Immediately after the procedure, you will go to a recovery area, where the nursing staff will monitor you. You will also meet with the representative for the spinal cord stimulator, who will help adjust the level of stimulation to help cover your pain adequately.

 

You should avoid extreme lifting, bending, stretching, twisting, and strenuous activity in the days immediately following the procedure.

 

You will follow up with our team in the office about 4-7 days after the trial. At this visit, we will determine the level of pain relief and functional improvement you had during the spinal cord stimulation trial. If the trial was a success, we will provide you with a referral to a spinal surgeon for spinal cord stimulation implantation.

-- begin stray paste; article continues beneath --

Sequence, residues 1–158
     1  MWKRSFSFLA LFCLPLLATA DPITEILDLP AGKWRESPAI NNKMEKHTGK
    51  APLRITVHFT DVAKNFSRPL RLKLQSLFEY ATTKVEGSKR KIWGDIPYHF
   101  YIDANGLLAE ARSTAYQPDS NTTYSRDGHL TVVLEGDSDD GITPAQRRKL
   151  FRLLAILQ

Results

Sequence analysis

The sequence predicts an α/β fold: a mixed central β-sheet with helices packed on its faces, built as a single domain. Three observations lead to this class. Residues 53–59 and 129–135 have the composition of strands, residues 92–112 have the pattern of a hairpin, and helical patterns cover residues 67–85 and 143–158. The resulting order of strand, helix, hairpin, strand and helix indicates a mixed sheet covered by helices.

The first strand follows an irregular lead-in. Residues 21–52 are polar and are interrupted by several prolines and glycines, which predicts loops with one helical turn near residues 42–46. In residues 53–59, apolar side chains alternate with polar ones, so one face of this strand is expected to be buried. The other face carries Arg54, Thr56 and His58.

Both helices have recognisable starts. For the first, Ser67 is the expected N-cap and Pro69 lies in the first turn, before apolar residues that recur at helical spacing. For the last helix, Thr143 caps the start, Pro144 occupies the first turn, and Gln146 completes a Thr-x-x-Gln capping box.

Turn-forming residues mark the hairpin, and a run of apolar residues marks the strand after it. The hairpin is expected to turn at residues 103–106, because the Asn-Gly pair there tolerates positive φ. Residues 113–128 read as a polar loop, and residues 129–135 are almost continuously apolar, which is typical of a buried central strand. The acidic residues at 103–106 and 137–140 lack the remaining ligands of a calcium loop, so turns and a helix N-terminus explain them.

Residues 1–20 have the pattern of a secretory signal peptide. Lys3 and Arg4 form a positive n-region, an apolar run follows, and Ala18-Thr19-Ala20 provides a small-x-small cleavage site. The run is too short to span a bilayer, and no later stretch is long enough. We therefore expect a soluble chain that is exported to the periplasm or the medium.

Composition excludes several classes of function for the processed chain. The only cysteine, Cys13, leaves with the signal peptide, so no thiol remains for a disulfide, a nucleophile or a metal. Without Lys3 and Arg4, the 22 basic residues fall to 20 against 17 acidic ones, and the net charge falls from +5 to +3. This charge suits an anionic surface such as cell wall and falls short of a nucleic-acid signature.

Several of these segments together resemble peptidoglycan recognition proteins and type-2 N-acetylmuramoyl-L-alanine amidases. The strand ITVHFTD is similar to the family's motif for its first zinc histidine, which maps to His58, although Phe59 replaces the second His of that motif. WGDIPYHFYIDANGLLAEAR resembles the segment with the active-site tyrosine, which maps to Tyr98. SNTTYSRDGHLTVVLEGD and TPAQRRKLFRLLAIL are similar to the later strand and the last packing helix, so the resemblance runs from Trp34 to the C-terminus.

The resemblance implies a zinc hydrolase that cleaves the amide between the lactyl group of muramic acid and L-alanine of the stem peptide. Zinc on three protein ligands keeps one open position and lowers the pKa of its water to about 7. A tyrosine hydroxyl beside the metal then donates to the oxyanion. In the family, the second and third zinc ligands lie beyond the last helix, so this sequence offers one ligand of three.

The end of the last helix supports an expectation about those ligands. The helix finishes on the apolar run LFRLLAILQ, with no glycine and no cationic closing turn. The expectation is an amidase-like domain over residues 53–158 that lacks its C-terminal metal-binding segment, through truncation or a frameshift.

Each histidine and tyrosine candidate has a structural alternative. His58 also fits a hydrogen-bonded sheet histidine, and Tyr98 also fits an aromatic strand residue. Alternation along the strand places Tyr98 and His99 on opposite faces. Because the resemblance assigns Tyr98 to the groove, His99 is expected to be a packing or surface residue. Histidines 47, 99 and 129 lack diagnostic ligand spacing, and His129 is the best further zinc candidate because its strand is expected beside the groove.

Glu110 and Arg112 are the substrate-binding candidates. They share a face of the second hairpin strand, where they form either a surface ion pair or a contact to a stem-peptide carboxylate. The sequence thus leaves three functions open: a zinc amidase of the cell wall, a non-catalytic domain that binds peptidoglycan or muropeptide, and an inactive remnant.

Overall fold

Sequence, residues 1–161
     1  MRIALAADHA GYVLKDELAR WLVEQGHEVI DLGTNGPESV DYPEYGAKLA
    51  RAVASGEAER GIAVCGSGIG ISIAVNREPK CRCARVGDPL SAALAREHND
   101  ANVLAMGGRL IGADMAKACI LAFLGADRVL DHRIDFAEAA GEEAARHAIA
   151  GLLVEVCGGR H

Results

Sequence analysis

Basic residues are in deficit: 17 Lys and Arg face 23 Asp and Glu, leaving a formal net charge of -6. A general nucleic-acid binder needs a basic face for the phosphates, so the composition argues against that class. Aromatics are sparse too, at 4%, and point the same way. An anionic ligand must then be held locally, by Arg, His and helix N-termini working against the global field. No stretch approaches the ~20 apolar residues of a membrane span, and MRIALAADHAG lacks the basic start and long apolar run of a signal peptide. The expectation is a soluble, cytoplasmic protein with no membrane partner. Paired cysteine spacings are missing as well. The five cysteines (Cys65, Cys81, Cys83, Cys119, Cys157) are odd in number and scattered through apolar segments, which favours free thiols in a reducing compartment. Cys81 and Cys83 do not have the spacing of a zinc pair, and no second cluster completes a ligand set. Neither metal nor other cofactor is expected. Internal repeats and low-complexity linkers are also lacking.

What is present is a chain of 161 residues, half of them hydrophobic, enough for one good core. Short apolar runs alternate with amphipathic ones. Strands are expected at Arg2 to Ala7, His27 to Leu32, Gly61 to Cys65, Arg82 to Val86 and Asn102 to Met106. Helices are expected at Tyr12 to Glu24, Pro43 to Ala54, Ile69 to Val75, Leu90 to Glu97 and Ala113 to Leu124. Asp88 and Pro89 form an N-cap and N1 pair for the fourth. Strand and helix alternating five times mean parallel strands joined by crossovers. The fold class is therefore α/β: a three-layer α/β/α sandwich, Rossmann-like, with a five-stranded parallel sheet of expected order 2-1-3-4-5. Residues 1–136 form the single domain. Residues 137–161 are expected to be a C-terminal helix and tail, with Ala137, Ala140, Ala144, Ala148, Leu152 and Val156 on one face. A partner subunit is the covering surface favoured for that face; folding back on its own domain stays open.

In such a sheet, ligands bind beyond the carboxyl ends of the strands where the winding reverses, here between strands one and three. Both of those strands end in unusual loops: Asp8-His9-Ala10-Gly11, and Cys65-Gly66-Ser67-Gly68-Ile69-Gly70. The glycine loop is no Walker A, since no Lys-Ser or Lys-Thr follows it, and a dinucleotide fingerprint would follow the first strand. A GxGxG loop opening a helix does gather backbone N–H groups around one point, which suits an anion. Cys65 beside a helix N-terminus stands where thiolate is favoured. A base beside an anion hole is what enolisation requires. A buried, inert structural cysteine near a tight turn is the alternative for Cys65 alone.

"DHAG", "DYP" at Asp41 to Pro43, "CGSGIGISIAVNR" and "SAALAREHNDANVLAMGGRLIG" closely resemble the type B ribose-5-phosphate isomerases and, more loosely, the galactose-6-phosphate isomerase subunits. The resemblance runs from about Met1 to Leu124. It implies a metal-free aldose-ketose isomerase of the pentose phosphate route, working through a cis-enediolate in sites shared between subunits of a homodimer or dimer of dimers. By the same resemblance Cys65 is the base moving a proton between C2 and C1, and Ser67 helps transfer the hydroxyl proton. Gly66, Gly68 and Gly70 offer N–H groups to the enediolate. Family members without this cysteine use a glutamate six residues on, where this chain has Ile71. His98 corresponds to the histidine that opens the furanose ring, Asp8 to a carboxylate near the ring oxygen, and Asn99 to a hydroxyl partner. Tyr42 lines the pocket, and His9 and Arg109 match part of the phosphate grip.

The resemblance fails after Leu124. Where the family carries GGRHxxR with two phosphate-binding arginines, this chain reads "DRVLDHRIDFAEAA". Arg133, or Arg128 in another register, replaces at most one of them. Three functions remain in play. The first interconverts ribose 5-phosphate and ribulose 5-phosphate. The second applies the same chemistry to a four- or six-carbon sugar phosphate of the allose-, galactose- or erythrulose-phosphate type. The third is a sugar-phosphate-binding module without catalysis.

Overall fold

Visit One of Our Arizona Locations

 

Spinal cord stimulation offers a transformative approach to pain management, providing a personalized and adaptive way to alleviate chronic pain and empowering individuals to regain control over their lives.

 

Our board-certified rehabilitation specialists perform spinal cord stimulation trials at any of our five Arizona locations:

 

Phoenix Office

3700 N 24th Street, Ste 210.

Phoenix, AZ 85016

Mesa Office

6634 E. Baseline Rd., Suite 101

Mesa, AZ 85206

Scottsdale Office

8670 E Shea Blvd Suite 102

Scottsdale, AZ 85260

Gilbert Office

3615 S Rome St.

Gilbert, AZ 85297

Peoria Office

13128 N 94th Drive, Suite 200

Peoria, AZ 85381

Spinal Cord Stimulation FAQs

Success rates vary, but over 50% of patients experience significant and long-lasting pain reduction with a spinal cord stimulator.

Downloadable PDF

Understanding Spinal Cord Stimulation: A Patient’s Guide – PDF